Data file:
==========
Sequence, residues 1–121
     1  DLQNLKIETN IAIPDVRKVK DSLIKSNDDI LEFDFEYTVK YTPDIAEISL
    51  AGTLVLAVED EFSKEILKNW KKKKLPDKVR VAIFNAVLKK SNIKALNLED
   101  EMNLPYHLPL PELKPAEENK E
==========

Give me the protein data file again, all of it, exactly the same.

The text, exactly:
Sequence, residues 1–121
     1  DLQNLKIETN IAIPDVRKVK DSLIKSNDDI LEFDFEYTVK YTPDIAEISL
    51  AGTLVLAVED EFSKEILKNW KKKKLPDKVR VAIFNAVLKK SNIKALNLED
   101  EMNLPYHLPL PELKPAEENK E